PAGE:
Imatges de pÓgina
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the four elements. Our modern philosophers, who have rejected the faculties and the qualities of the peripatetician physics, will find the same defects in the description of the chaos of Ovid; for that which they call general laws of motion, mechanical principles, modifications of matter, the form, situation, and arrangement of atoms, comprehends nothing beyond the active and passive virtue of nature, which the peripatetics understand by the alterative and formative qualities of the four elements. Seeing therefore that, according to the doctrine of this school, these four bodies, separated according to their natural heaviness and lightness, form a principle which suffices for all generation, the Cartesians, Gassendists, and other modern philosophers, ought to maintain, that the motion, situation, and form of the particles of matter, are. sufficient for the production of all natural effects, without excepting even the general arrangement which has placed the earth, the air, the water, and the stars where we see them. Thus the true cause of the world, and of the effect which it produces, is not different from the cause which has bestowed motion upon particles of matter,--whether at the same time that it assigned to each atom a determinate figure, as the Gassendists assert; or that it has only given to particles entirely cubic an impulsion which, by the duration of the motion according to certain laws, makes it ultimately take all sorts of forms—which is the hypothesis of the Cartesians. Both the one and the other consequently agree, that if matter had been, before the generation of the present world, as Ovid describes, it would have been capable of withdrawing itself from chaos by its own necessary operation, without the assistance of God. Ovid may therefore be accused of two oversights—having supposed, in the first place, that without the assistance of the Divinity, matter possessed the seeds of every compound, heat, motion, &c.; and in the second, that without the same assistance it could extricate itself from confusion. This is to give at once too much and too little to both God and matter; it is to pass over assistance when

most needed, and to demand it when no longer necessary.”

Ovid may still reply-You are wrong in supposing that my elements originally possessed all the qualities which they possess at present. They had no qualities; matter existed naked, unformed, and powerless; and when I say, that in my chaos heat was mingled with cold, and dryness with humidity, I only employ these expressions to signify that there was neither cold nor heat, nor wet nor dry, which are qualities that God has placed in our sensations, and not in matter. I have not made the mistakes of which you accuse me. Your Cartesians and your Gassendists commit oversights with their atoms and their cubic particles; and their imaginations deal as little in truth as my Metamorphoses. I prefer Daphne changed into a laurel, and Narcissus into a flower, to subtle matter changed into suns, and denser matter transformed into earth and water. I have given you fables for fables, and your philosophers have given you fables for truth.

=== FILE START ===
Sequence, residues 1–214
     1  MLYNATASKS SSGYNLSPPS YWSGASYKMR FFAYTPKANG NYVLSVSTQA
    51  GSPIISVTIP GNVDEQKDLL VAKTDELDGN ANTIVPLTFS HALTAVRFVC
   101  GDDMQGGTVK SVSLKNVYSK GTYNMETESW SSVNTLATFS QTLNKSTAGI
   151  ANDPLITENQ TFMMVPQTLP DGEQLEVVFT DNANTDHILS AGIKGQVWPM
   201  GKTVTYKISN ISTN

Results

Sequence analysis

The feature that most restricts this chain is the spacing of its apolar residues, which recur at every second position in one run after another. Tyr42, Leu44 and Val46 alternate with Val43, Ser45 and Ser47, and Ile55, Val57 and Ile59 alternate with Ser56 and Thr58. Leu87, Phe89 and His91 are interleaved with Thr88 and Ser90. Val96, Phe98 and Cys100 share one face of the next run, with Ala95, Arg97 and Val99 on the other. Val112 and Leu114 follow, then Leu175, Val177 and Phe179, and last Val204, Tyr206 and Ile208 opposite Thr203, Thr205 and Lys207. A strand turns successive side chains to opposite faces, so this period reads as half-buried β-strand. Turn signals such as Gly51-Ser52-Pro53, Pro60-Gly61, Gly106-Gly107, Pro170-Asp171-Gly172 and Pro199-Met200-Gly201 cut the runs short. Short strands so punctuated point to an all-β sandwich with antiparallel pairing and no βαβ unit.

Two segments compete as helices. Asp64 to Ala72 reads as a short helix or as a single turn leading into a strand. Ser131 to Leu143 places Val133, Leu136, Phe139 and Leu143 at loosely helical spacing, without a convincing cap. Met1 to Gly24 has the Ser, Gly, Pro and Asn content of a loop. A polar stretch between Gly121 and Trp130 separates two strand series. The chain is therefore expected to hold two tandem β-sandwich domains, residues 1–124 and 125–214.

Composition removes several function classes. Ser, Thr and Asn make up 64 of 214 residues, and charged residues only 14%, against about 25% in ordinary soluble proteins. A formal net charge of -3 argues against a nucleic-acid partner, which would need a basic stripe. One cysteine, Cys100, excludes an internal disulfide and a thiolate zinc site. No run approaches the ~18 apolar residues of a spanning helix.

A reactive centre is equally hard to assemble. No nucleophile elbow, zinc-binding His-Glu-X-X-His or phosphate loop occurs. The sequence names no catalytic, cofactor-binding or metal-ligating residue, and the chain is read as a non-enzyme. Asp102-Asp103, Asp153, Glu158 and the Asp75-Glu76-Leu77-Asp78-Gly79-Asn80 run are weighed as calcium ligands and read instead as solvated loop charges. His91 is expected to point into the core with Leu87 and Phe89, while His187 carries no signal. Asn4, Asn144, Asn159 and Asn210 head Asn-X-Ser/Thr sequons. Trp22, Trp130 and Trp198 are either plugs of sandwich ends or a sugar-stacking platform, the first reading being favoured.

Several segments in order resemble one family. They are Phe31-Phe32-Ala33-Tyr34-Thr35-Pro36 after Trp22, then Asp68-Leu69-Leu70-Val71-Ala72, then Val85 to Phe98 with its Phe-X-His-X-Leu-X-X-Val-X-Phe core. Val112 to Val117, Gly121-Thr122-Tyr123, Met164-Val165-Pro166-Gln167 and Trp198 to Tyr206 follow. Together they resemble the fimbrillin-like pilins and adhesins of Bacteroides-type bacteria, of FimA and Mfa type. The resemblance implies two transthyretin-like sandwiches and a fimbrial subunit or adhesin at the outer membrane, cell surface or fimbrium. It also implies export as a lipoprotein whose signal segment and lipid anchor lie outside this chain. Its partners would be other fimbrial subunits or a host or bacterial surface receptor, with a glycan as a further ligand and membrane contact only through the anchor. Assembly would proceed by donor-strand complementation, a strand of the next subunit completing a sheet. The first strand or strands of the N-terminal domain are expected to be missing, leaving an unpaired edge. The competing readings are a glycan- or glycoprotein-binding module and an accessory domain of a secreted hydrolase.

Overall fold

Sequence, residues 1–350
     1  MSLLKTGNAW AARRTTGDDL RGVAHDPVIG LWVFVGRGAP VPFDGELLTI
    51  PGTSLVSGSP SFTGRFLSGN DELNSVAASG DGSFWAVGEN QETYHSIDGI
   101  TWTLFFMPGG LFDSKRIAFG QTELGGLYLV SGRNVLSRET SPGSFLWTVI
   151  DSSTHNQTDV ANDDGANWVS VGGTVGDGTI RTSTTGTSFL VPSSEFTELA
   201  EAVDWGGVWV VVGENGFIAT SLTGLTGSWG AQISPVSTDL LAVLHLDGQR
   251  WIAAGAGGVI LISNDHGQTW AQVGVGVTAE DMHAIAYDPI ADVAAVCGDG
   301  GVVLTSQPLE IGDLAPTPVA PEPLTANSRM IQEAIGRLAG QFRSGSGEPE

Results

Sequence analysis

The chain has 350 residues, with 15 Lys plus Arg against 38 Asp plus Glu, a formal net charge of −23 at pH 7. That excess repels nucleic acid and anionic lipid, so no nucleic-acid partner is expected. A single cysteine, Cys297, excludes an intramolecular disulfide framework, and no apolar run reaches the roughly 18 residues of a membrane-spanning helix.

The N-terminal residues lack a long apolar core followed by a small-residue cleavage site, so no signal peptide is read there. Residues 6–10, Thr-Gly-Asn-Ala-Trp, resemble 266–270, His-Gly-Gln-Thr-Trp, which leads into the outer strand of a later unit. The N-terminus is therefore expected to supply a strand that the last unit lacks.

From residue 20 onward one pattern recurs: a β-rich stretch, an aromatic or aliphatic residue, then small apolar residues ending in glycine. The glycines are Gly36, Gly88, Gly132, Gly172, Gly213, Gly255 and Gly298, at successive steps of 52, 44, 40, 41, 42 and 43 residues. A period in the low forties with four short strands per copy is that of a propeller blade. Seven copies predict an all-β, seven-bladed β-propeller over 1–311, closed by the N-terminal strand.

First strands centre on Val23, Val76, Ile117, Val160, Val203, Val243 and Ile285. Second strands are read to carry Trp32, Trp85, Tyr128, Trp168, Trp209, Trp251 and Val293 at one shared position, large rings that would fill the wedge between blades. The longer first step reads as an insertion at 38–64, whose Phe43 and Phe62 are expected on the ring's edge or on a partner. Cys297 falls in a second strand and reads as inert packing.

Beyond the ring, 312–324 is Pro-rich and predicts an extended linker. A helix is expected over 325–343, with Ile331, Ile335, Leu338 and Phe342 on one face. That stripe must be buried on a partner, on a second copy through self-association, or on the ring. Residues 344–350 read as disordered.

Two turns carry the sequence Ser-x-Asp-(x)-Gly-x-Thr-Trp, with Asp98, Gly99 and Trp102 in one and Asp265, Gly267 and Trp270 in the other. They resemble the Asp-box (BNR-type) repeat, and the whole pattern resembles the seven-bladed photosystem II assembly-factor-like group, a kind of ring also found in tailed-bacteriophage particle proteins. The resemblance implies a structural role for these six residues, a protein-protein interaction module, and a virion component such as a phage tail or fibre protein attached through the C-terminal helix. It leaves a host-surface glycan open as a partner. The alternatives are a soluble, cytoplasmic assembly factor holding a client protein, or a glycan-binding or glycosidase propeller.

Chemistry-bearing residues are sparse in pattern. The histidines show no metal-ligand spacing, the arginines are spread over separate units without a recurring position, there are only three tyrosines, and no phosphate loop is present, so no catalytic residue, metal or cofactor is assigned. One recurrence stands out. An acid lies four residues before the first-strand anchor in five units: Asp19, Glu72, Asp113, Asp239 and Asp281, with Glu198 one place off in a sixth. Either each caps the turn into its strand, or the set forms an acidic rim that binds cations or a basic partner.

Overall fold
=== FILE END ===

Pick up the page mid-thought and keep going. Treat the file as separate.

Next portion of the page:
PARADISE

THERE is no word whose meaning is more remote from its etymology. It is well known that it originally meant a place planted with fruit-trees; and, afterwards, the name was given to gardens planted with trees for shade. . Such, in distant antiquity, were those of Saana, near Eden, in Arabia Felix, known long before the hordes of the Hebrews had invaded a part of the territory of Palestine.

This word.paradise' is not celebrated among the Jews, excepting in the book of Genesis. Some Jewish canonical writers speak of gardens; but not one of them has mentioned a word about the garden denominated the earthly paradise.' How could it happen, that no Jewish writer, no Jewish prophet, or Jewish psalmodist, should have once cited that terrestrial paradise which we are talking of every day of our lives? This is almost incomprehensible. It has induced many daring critics to believe that Genesis was not written till a very late period.

The Jews never took this orchard or plantation of trees—this garden, whether of plants or fowers-for heaven.

St. Luke is the first who uses the word 'paradise'as signifying heaven, when Jesus Christ says to the good thief- *«. This day thou shalt be with me in paradise.”

The ancients gave the name of heaven' to the clouds. That name would not have been exactly appropriate, as the clouds actually touch the earth by the vapours of which they are formed, and as heaven is a vague word signifying an immense space in which exist innumerable suns, planets, and comets, which has certainly but little resemblance to an orchard.